Don’t Like Pinot Noir? Learn How to Love This Varietal with a Step-by-Step Guide

don't like pinot noir

Burgundy Pinot Noir tends to taste more delicate and floral than New World wines, which is why many collectors prefer them. Photo Credit: Wikipedia CC user Pancrat

This summer, I was enjoying a casual dinner at my favorite wine bar with a good friend. He adores fine wine, which is why I was surprised to hear him say, “I don’t like Pinot Noir.” Our sommelier was shocked too. How could an experienced collector who regularly buys Screaming Eagle Cabernet and Angelus Bordeaux say that he dislikes one of the most iconic wine varietals in history? My friend says it’s difficult to find a truly great bottle of Pinot Noir unless you already know what to buy. He has a point; Pinot Noir isn’t the easiest wine to invest in because it’s finicky and delicate–and there’s a lot of mediocre Pinot out there. Here are some tips on finding and buying great Pinot Noir, and on how to give this wine another chance when you’ve had a bad experience.

Why Some Collectors Don’t Like Pinot Noir

On the Wine Berserkers forum, one collector complained that Pinot Noir is “overpriced and rarely delivers unless you’re willing to pony up tons of money.” Although he said he rarely drinks this varietal, he actually found a bottle of Loring Pinot Noir that he thought was absolutely delicious, and well worth the investment. He was surprised because most of the New World producers he had tried in the past failed to impress him. In my experience, the collectors who don’t like Pinot Noir primarily have a problem with finding quality New World producers. It comes down to taste–Old World Burgundy has an elegant flavor that collectors have come to associate with fine Pinot Noir. By contrast, New World producers in Oregon and California tend to make bolder Pinot Noir, which doesn’t appeal to some collectors. Choosing the right style of Pinot Noir is essential.

A Step-by-Step Guide to Buying the Best Pinot Noir

To give Pinot Noir a second chance, follow these guidelines:

Step One: Identify the Style

It’s important to remember that a New World wine will have a different personality than an Old World, blue chip producer. If you come into an Oregon Pinot Noir tasting expecting to find a doppelganger for DRC, you’re going to be disappointed. Your first step for appreciating Pinot Noir is to recognize the different styles of each of the main Pinot Noir regions, and choose wines that embrace those styles fully. To do this, look for wines that are well-matched to their climate. Here are a few examples of great regional wines:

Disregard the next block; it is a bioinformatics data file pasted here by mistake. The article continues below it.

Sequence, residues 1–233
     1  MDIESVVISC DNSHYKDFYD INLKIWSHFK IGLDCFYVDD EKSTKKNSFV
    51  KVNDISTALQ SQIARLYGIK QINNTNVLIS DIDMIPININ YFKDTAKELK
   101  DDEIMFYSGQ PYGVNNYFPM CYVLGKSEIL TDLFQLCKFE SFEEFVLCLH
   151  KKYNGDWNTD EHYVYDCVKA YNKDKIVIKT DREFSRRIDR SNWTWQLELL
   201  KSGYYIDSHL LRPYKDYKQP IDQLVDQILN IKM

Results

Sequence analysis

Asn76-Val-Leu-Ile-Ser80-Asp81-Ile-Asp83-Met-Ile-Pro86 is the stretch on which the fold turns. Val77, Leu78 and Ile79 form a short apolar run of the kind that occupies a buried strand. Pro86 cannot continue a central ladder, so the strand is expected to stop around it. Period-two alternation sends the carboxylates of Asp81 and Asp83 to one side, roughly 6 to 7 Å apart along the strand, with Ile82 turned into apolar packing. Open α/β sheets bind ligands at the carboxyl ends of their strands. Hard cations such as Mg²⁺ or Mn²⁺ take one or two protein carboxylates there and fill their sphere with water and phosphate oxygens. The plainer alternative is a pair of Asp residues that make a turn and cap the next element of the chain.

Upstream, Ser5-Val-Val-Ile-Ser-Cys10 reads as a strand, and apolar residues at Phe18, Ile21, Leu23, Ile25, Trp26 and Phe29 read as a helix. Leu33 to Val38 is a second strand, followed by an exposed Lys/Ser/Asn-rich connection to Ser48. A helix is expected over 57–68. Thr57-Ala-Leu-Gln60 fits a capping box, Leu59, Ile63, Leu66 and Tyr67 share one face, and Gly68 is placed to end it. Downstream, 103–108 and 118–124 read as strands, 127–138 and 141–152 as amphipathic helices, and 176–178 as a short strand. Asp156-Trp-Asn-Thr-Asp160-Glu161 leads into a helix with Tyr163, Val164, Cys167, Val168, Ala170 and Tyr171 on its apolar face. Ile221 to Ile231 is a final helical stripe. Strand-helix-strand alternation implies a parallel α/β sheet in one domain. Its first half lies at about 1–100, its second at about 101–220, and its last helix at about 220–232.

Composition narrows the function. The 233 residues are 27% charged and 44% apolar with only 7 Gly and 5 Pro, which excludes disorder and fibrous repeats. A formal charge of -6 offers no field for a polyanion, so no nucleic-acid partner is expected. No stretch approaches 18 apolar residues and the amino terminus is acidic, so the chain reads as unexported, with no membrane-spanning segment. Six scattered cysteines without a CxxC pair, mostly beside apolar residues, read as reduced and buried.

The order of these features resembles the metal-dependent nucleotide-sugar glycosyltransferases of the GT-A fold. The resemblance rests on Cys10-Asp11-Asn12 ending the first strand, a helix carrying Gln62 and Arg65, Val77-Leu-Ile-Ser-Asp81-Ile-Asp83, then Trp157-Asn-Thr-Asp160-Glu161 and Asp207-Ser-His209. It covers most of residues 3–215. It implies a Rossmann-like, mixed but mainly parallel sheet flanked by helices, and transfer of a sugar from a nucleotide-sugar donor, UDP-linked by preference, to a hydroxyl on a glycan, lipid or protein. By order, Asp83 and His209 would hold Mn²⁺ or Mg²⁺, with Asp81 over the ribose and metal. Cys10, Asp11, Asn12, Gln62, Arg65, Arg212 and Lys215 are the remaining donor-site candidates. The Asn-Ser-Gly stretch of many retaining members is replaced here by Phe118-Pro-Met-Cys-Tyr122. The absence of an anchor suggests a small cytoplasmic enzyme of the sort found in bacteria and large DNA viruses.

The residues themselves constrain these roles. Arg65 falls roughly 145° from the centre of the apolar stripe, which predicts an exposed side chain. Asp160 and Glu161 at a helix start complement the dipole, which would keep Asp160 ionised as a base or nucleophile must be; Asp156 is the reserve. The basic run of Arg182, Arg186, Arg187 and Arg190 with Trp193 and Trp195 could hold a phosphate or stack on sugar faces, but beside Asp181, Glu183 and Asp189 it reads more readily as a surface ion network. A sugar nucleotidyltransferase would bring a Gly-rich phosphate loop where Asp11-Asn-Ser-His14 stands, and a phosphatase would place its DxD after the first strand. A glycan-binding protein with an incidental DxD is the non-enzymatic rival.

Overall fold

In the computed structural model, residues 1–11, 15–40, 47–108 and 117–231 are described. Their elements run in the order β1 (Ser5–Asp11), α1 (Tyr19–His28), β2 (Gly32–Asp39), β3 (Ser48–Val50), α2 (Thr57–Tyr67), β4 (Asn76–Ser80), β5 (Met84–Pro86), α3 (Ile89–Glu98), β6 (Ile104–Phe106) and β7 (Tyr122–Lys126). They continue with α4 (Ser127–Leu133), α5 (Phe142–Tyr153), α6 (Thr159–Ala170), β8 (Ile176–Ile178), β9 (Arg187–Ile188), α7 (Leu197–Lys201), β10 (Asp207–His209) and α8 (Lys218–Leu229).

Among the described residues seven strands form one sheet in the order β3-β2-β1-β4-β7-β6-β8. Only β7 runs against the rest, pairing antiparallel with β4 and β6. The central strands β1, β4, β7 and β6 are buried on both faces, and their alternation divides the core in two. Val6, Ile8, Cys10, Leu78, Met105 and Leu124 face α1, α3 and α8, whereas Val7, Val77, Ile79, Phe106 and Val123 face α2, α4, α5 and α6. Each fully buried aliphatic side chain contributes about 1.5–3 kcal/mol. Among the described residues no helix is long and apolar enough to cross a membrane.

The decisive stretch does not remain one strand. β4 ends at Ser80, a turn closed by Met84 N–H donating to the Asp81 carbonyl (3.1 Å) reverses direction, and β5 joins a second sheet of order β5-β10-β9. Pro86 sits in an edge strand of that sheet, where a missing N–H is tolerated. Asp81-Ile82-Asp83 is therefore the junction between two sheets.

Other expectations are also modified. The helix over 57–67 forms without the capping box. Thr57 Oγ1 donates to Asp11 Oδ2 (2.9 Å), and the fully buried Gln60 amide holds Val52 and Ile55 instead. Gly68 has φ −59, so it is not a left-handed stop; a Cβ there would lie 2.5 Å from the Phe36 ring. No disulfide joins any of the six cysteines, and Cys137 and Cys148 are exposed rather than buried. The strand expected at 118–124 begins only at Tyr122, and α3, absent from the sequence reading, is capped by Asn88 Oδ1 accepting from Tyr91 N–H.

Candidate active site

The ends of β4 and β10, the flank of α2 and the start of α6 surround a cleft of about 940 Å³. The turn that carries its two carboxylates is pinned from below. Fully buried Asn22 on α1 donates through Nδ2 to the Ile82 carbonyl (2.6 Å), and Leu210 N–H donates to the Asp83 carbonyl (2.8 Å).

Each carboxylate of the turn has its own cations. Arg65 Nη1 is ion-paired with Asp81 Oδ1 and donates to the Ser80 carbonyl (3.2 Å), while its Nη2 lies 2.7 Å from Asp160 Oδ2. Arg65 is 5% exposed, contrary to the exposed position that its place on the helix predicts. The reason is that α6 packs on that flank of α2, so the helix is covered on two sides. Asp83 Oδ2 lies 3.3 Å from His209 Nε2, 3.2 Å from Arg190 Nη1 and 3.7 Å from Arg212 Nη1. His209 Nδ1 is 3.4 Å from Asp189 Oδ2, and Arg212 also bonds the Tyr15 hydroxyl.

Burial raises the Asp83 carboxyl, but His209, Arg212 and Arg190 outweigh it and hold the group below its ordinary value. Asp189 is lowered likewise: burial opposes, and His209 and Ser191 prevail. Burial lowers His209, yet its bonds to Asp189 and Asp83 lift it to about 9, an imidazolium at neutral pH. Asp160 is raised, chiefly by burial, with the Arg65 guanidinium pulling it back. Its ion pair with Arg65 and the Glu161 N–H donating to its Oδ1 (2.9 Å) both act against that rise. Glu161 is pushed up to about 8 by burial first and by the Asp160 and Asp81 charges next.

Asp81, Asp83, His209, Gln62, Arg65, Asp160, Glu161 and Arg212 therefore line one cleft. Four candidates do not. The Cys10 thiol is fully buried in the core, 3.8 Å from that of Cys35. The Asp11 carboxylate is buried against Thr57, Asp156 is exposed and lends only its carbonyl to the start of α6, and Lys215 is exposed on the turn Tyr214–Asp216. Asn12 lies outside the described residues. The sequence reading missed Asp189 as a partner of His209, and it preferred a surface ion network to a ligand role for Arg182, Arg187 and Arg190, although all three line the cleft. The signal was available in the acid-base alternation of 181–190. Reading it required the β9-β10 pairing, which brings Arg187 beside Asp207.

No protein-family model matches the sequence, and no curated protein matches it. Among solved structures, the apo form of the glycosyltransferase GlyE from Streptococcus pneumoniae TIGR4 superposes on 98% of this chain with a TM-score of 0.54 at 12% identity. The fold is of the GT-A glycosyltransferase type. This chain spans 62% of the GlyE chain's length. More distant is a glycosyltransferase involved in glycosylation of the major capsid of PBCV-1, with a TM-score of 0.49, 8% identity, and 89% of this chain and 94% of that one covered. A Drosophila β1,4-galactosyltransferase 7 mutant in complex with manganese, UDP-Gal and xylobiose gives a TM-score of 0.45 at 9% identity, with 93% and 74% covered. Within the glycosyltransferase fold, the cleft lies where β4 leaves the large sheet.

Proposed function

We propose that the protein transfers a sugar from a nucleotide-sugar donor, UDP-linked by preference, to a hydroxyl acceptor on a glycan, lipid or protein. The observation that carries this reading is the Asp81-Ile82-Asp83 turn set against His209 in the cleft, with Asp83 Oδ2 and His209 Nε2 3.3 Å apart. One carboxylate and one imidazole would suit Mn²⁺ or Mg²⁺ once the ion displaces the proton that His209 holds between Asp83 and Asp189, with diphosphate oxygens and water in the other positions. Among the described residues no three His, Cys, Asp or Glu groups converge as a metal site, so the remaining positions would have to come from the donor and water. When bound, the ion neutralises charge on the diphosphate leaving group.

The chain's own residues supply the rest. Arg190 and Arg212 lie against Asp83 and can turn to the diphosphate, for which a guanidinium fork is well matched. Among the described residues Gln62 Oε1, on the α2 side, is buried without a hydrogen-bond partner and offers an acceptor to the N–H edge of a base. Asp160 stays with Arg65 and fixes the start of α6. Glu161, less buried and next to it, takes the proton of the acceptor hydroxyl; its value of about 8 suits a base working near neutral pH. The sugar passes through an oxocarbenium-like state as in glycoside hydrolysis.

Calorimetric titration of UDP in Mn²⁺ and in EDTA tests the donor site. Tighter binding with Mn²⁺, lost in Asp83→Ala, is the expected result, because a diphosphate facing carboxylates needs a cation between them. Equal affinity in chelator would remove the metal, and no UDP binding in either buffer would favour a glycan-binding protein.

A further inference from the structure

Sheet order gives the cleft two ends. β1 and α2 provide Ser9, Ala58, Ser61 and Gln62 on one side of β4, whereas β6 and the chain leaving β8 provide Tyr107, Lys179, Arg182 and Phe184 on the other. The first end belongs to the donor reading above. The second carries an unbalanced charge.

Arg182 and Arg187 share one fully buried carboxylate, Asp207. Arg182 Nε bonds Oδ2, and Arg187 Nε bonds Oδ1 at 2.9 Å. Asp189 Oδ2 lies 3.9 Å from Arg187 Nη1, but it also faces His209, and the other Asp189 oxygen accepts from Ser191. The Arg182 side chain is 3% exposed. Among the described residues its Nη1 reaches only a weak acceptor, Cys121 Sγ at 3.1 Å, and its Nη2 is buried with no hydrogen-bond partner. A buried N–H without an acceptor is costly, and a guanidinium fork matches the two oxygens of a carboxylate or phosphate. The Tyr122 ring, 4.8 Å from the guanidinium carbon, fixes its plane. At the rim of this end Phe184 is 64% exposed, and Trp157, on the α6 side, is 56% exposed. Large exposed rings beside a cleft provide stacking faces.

Burgundy Pinot Noir: Low in tannin, tends to be more floral and delicate (try a bottle of Leroy from the Pommard Les Vignots vineyard).

Oregon Pinot Noir: More fruit-forward than Burgundy, but still delicate (try a bottle of aged Beaux Freres).

California Pinot Noir: The most fruit-forward Pinot Noir, often (but not always) sacrificing delicate notes in the process (try an intense, fruit-forward vintage like Kosta Browne).

Step Two: Acclimate Your Palate

If you’re not already familiar with it, start with Burgundy Grand Cru first to appreciate the subtle, more savory notes that can be found in Pinot Noir. Unlike a rich Cabernet, which can be easy to understand within the first few sips, Pinot Noir is more of an acquired taste for many people. Try drinking only Old World Pinot Noir for a few weeks until you can start to pick out the complex flavors of these wines. The fastest way to get your palate used to a light red wine is to avoid drinking any bold wines in the meantime. Try at least three different vintages of Burgundy, preferably more.

If you already appreciate a fine Pinot Noir from France, but you can’t find decent New World bottles, or you want to think outside of the blue chip box, consider tasting a few Oregon selections next. I find that Oregon wines are the perfect bridge between Old World, elegant styles and bolder New World techniques. Willamette Valley wines in particular are fruity and vibrant in their youth, but as they age, they become more like their Burgundy peers. For this reason, start with aged Oregon Pinot Noir, then work your way up to recent vintages, which will taste more fruit-forward. Try at least two bottles of aged Oregon Pinot Noir (at least 10 years old) and two bottles of the state’s younger wines.

By the time you finish your Oregon wines, your palate should appreciate both the floral and the light fruits found in Burgundy and Oregon, respectively. Now is the time to move on to bolder California Pinot Noir. However, as with the Oregon wines, I recommend starting with an aged California Pinot that already has an excellent track record. You can research tasting notes on the wine in advance to find at least one bottle that tastes fruit-forward and concentrated, yet balanced.

Step Three: Research Old, Buy Young

It’s a good rule of thumb that if you’re looking for excellent producers, buy older vintages of the wine first. Aged wines showcase the varietal at its best, and they help you understand which producers make the best product. Before I buy wine from an unfamiliar, I try to taste older versions of their wines first. This is especially important for New World Pinot Noir producers. Collectors already trust DRC to last for 50 years in a cellar, but an Oregon Pinot Noir doesn’t yet have this decades-long track record. Buying Pinot Noir that’s at least a few years old will help you separate the poor producers from the incredible ones, making your Pinot Noir drinking experience all the more enjoyable.

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Image by Pancrat (Own work) [GFDL (http://www.gnu.org/copyleft/fdl.html) or CC BY-SA 3.0 (http://creativecommons.org/licenses/by-sa/3.0)], via Wikimedia Commons